The Winter's Tale | Performing Arts Review | Chicago Reader

The Winter's Tale 

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The Winter's Tale, Chicago Shakespeare Theater. Shakespeare's strange romance, which begins with gratuitous jealousy and ends with gratuitous forgiveness, is best treated as a fairy tale. A virtuous queen is condemned for adultery with her husband's equally honest best friend. But 16 years later, all is forgiven when their offspring fall in love; as part of the "happily ever after" ending, the supposedly dead mother is miraculously restored to the family. But nothing can help the poor courtier who gets mangled by a bear.

Surefooted and tenderhearted, Michael Bogdanov's very musical modern-dress staging vividly conjures up the play's vastly different settings, imagining Sicily as a cold corporate place and Bohemia as a bumpkin-ridden theme park with Irish music, Hee Haw accents, even a hip-hop jamboree. This rube riot ensures that the sobering return to Sicily, required for the family reunion and the miracle making, is all the more welcome.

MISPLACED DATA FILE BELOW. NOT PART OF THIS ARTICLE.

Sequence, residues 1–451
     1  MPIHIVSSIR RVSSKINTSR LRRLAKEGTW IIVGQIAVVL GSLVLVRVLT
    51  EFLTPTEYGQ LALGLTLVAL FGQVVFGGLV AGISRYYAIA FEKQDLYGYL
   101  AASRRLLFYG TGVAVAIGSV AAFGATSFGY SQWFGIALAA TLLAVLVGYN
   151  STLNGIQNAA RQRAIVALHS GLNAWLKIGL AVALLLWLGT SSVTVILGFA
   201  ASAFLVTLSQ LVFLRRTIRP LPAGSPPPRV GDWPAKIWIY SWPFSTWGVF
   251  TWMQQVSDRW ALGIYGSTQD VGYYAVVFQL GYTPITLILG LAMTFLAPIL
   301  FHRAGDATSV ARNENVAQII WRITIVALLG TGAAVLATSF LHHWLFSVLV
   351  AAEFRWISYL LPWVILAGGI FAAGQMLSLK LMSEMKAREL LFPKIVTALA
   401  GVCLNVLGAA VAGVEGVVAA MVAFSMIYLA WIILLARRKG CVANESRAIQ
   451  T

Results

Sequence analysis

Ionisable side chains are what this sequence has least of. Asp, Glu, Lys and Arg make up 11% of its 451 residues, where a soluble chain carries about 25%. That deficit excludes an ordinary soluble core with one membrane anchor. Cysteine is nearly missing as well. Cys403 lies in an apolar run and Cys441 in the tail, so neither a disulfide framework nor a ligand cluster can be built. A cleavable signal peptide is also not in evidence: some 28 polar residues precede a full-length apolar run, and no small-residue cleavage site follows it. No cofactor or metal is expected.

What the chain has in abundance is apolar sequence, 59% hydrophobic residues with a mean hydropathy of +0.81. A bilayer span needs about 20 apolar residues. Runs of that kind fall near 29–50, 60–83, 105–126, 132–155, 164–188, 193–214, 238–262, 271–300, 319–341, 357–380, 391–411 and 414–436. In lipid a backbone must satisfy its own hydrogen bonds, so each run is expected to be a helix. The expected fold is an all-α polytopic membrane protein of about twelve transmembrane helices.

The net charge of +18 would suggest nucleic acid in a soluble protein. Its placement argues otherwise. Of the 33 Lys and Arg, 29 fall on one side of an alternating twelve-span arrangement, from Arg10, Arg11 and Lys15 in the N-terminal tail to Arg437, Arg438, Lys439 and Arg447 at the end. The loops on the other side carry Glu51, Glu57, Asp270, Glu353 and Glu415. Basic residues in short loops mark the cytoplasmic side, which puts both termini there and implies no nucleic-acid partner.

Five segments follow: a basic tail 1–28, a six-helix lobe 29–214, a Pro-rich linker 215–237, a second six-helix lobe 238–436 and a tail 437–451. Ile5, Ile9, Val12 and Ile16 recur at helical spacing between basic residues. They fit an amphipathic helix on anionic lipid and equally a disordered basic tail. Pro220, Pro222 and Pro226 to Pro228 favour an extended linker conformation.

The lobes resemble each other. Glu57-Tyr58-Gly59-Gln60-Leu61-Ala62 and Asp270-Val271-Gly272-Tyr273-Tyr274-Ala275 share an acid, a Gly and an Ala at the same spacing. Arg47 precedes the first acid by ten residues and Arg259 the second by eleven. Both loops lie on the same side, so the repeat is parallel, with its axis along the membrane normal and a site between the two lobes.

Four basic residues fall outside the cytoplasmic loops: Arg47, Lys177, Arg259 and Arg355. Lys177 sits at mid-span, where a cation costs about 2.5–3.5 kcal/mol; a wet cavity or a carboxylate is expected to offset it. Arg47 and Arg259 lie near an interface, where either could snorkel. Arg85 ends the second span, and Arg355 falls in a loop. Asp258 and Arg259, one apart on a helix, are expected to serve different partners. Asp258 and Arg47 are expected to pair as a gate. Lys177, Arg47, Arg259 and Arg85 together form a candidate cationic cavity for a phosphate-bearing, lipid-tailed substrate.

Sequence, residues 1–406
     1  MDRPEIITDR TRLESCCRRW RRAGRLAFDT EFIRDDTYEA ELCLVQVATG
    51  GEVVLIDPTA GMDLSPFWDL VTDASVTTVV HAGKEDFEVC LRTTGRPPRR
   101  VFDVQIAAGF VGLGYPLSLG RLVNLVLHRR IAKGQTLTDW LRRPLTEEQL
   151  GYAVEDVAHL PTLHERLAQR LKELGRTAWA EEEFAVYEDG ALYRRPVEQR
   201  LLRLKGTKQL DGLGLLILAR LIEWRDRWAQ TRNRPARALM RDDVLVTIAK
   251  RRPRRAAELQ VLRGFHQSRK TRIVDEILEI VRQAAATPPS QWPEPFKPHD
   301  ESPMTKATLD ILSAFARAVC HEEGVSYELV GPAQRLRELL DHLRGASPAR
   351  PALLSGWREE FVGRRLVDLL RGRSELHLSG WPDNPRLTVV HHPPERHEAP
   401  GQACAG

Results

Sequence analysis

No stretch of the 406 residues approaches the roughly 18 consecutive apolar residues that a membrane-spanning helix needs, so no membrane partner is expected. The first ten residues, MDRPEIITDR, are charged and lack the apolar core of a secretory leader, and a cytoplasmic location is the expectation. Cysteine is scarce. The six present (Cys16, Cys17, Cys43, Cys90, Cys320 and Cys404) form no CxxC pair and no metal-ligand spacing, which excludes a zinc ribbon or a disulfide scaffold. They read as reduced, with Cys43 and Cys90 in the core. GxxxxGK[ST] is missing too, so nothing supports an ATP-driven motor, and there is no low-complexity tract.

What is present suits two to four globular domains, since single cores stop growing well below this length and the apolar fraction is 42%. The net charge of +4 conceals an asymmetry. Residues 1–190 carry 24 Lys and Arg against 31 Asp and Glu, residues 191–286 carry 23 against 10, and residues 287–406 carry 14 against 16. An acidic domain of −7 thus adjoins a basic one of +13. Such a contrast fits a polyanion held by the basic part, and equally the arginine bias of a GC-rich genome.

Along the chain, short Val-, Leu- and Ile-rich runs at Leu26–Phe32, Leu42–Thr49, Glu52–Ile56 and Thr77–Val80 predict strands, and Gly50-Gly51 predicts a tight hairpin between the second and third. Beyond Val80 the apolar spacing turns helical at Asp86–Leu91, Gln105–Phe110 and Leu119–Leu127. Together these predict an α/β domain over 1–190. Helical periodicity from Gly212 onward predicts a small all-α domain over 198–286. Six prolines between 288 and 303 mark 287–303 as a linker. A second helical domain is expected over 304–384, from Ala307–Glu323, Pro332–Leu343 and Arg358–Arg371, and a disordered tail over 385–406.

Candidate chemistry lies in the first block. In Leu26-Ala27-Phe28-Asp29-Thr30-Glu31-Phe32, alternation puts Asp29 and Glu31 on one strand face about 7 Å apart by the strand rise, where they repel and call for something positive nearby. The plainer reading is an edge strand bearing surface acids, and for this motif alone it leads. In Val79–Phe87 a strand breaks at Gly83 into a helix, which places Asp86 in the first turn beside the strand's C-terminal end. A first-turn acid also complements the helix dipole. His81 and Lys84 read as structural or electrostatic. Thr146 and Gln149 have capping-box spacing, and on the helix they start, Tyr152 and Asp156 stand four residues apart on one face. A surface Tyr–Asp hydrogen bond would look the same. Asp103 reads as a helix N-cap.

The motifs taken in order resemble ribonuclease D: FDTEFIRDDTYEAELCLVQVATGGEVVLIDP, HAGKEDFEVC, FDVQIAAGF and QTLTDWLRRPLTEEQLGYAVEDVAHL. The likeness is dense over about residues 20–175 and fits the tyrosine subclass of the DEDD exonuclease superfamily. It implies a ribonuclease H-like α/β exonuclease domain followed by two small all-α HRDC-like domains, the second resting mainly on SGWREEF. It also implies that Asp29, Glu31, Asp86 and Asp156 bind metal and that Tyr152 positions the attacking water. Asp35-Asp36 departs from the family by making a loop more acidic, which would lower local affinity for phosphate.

What really counts, however, isn't the culture clash but the characterizations, which set up the final reconciliation. There's much to relish in John Reeger as the dour but ultimately deserving bad king, Leontes; Kevin Gudahl, naturally noble as his true friend; Barbara Robertson, indignantly innocent as much-wronged Hermione; and a scrappy Susan Hart as her champion, Paulina (a spitfire who anticipates Moliere's saucy maids). As the lovers in the next generation, Brian Hamman and Johanna McKenzie Miller serve their stereotypes well, but that's about it. And James Fitzgerald plays the skittish clown Autolycus with mercifully little to irritate us.

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